Jane and John's opposing views on marriage bring an odd-couple energy to their first handful of missions. Their handler is decidedly hands-off; their only contact is facilitated through a chatroom. Our heroes are forced to learn on the fly, with minimal casualties and maximum efficiency. Most episodes focus on one mission, the goal of which is usually a not-so-subtle metaphor for their latest relationship hurdle. A pregnancy scare isn't just a pregnancy scare, nor is a double date with another couple just a double date. Therapy is itself a minefield of doctor-patient confidentiality, and the occasional dalliance with the cute next-door neighbor is never entirely innocent. Each obstacle gives the show's revolving door of guest stars the freedom to drift in and out of the main narrative, but each leaves an impression all the same. Michaela Coel, Paul Dano, Parker Posey, and Wagner Moura are particular standouts, crafted with inner lives so interesting, you might find yourself wishing for a spin-off. 

Beyond the movie, the series feels equally inspired by Glover's own Atlanta — as in, the most surreal hangout show you've ever seen — and the occasionally zany quests within the Hitman games. If it feels like a more heightened dimension of our own world, there's a good reason for it. Even everyday corners of New York are shot like an Architectural Digest spread, thanks in part to the minimalistic eye of director Hiro Murai. That glossy, gloomy artistic vision won't gel with everyone, nor will the series' eccentric, lowkey tone. In its efforts to set itself apart from the original film and its mid-noughties sensibilities , Mr. & Mrs. Smith can occasionally skew toward smarminess. Your appreciation for its situational humor depends entirely on your appreciation for Glover, Erskine, and their past works.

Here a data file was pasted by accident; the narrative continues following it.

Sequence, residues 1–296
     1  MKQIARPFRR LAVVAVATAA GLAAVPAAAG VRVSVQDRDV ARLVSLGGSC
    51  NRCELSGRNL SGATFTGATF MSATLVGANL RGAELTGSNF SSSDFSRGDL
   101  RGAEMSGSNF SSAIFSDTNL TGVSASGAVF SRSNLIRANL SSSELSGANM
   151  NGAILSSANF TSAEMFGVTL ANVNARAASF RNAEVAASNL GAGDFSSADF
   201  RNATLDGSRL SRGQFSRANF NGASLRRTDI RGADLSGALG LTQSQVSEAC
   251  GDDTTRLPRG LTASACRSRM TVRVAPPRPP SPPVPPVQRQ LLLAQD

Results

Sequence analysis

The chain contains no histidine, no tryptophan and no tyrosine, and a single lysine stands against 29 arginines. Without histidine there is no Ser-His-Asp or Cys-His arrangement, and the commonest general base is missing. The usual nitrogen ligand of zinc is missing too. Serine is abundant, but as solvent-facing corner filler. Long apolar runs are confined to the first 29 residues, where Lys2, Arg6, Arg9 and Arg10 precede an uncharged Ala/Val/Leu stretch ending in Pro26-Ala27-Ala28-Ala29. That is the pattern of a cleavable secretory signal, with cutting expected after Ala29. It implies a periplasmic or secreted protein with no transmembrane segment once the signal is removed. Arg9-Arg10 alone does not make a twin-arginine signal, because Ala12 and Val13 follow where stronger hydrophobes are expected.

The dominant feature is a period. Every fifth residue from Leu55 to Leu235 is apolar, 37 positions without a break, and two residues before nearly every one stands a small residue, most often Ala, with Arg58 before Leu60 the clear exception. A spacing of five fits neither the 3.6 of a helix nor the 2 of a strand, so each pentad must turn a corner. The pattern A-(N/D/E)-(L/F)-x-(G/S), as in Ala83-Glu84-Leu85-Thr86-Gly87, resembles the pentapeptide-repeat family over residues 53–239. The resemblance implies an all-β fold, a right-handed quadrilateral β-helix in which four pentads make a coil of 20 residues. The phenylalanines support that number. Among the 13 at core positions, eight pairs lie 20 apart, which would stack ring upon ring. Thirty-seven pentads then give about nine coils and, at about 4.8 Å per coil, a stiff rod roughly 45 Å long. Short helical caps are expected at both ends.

But that's not to say that Mr. & Mrs. Smith lacks the sizzling chemistry of its forebear. If anything, it's sexy within its restraint. The whole time the Smiths are navigating impossible missions at silent auctions and ski resorts, we're sitting here wondering when they're finally going to act on their unspoken attraction; when they're going to share their first kiss; when their shared living space will start to actually feel like a home. Once those thresholds are crossed, even more concerns come out of the woodwork. Are their feelings real, or are they triggered simply by the adrenaline of each impossible mission? The stakes are surprisingly high, and not only because their success is enforced through a precarious three-strike system. There's a sense that this marriage, however fake it starts out, is the most successful relationship that either Jane or John has ever had. Failure could mean a fate worse than death for either party. It could mean starting over — and in an age of dating apps and bizarro in-laws, that's never going to be preferable.

Through it all, Glover and Erskine find new ways to mine their dynamic for more vulnerability. Mr. & Mrs. Smith becomes a densely layered character study with this couple at the helm. Its efforts to remix elements of the source material, though scarce, are tastefully dispersed, making this one of Prime Video's smarter IP grabs in recent memory.

Premieres: Friday, Feb. 2 on Prime Video
Who's in it: Donald Glover, Maya Erskine, Sarah Paulson, Parker Posey, Wagner Moura, Michaela Coel, Paul Dano
Who's behind it: Donald Glover and Francesca Sloane (creators) 
For fans of: Atlanta, globe-trotting glamour, romantic angst
How many episodes we watched: 8 of 8